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One hundred years after its founding, Reddaway operates with 5,000 trailers, 1,500 tractors, and is now part of YRC Regional Transportation, along with Holland in the Midwest and Southeast, and New Penn serving the Eastern United States (Courtesy: REDDWAY)

TUALATIN, Ore. — Reddaway, the longest continuously operating Oregon-based regional less-than-truckload carrier, is celebrating its 100-year anniversary this year.

Founded in 1919 in Oregon City, Reddaway continues to advance its services for the 21st century while remaining the premier service provider in the Western United States and Canada, according to Reddway President Bob Stone.

Reddaway’s founder, William Arthur Reddaway, began the company with one Ford Model T truck primarily serving Portland and Oregon City. One hundred years later, Reddaway operates with 5,000 trailers, 1,500 tractors, and is now part of YRC Regional Transportation, along with Holland in the Midwest and Southeast, and New Penn serving the Eastern United States.

“It’s humbling to think about the legacy of innovation, continuous improvement, exceptional reliability and the personalized support that have not only carried us through the past 100 years, but have allowed us to thrive,” Stone said. “I have had the pleasure of witnessing it firsthand for the past 25 years. I’m honored to work alongside the dedicated people who make Reddaway a company that our customers enjoy doing business with. It’s this culture and our people who help us continue to thrive into the next century.”

As part of the company’s 100-year celebration, Reddaway will be hosting appreciation events in the Tualatin office as well as field offices to recognize and thank the thousands of loyal employees who work hard to take care of the customers they serve, Stone said.

The western U.S. provider of LTL services, Reddaway currently employs over 2,800 people and operates more than 40 service centers. With high on-time reliability and one of the lowest claim ratios in the west, Reddaway continues to lead the industry in customer satisfaction.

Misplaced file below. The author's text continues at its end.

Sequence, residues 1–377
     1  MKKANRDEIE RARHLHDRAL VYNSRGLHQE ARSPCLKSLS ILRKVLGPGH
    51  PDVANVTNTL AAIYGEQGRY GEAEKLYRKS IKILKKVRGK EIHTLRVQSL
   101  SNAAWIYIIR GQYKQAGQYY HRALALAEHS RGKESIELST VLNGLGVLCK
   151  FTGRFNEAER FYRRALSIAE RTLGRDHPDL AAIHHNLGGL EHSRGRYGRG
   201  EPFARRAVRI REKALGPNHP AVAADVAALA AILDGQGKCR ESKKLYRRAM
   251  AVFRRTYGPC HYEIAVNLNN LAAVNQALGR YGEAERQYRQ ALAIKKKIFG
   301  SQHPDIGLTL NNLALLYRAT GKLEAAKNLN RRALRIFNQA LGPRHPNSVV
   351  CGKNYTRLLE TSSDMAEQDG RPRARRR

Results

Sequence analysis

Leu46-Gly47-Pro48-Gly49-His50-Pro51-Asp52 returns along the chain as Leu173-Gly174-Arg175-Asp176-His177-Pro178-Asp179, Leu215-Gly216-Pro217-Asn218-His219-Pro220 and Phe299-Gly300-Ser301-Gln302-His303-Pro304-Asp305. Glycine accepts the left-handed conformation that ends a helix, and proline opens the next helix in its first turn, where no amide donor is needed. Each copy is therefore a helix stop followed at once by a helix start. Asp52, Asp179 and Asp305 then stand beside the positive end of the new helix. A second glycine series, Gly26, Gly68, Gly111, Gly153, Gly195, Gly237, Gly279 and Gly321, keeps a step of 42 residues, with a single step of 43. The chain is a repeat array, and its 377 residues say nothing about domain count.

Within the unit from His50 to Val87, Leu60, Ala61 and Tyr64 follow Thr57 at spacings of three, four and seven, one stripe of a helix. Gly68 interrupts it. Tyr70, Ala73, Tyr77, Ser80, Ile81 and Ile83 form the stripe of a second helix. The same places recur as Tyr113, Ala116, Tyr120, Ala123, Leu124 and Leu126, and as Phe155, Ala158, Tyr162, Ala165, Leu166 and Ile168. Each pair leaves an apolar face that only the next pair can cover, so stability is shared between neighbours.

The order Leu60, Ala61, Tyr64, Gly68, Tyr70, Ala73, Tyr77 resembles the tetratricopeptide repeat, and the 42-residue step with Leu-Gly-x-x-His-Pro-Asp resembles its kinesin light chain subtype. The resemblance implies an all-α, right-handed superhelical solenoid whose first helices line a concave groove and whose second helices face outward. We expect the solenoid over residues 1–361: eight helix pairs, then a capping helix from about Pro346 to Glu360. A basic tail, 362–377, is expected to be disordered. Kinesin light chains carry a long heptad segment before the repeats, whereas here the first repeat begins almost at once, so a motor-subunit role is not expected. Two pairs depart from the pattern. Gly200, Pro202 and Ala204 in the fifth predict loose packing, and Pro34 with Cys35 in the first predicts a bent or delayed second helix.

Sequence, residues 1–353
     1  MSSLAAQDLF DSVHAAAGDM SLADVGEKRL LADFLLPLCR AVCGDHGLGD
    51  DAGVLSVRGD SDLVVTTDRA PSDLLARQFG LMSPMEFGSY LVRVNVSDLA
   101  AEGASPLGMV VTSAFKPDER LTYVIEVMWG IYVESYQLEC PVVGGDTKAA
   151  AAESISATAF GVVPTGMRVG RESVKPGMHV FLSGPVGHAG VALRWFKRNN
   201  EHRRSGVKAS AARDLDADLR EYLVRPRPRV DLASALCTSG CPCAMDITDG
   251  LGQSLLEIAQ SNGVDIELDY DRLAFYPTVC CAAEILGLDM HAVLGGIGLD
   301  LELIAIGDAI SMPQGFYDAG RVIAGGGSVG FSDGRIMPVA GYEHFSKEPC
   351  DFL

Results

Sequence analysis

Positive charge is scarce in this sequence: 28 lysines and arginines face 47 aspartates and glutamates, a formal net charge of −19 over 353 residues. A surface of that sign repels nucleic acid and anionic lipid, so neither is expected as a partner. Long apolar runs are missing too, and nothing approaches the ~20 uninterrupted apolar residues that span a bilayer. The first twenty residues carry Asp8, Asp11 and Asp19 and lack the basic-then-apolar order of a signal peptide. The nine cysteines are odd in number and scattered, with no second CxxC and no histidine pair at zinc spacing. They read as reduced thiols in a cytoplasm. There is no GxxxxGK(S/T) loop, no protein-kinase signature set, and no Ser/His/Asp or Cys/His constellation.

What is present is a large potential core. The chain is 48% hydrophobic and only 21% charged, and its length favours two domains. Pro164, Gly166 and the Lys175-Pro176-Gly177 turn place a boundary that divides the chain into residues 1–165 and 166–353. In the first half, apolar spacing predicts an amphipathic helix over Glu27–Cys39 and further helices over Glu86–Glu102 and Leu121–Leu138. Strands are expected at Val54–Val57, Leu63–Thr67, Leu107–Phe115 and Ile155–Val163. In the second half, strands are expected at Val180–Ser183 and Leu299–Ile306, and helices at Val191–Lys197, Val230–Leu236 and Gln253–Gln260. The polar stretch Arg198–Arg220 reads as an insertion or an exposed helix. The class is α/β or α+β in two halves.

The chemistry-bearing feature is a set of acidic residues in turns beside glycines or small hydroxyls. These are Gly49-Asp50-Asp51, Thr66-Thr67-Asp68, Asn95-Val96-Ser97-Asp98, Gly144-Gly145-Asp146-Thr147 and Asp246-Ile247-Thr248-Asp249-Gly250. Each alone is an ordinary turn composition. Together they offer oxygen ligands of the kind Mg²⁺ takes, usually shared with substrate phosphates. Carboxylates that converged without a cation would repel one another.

Reddaway has earned multiple distinctions over the years, including these recent awards such as the 2018 West Coast Regional Carrier of the Year from Worldwide Express, 2018 LTL Carrier of the Year from DHL Supply Chain and the 2018 Carrier of the Year, West Regional, by GlobalTranz.

For more information, visit www.reddawayregional.com.

 

 

 

 

 

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ACT Research For-Hire Trucking Index: Weak finish to 2nd quarter

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The June Pricing Index at 43.8 (seasonally adjusted) recovered a good bit of last month’s sharp decline, up from 38.8 in May on a seasonally adjusted basis, the lowest in survey history. (Courtesy: ACT RESEARCH)

COLUMBUS, Ind. — The latest release of ACT’s For-Hire Trucking Index (June data) showed nearly across-the-board declines, with capacity again the lone exception.

The Volume Index dropped further into negative territory, falling to 43.2 (seasonally adjusted) in June from 46.7 in May.

The June Pricing Index at 43.8 (seasonally adjusted) recovered a good bit of last month’s sharp decline, up from 38.8 in May on a seasonally adjusted basis, the lowest in survey history.

“Volumes and utilization have been down seven of eight months, and the supply-demand balance has been loosening for eight straight months,” said Tim Denoyer, ACT Research’s vice president and senior analyst. “In line with several second quarter earnings warnings from truckload carriers this week, this is further confirmation of a weak freight environment. May’s Pricing Index looked a little anomalously bad, so it was good to see that pick back up, though still not a great level in June.”

Denoyer said volumes reached a new cycle low in June, likely due in part to rapid growth of private fleets, the slowdown in the industrial sector and some inventory drawdown.

“This coincides with most other freight metrics,” he said. “The supply-demand balance reading loosened to 41.4, from 42.1 in May. The past eight consecutive readings have shown a deterioration in the supply-demand balance, with June the largest yet.”

ACT is a publisher of new and used commercial vehicle (CV) industry data, market analysis and forecasting services for the North American market, as well as the U.S. tractor-trailer market and the China CV market. ACT’s CV services are used by all major North American truck and trailer manufacturers and their suppliers, major trucking and logistics firms, as well as the banking and investment community in North America, Europe, and China.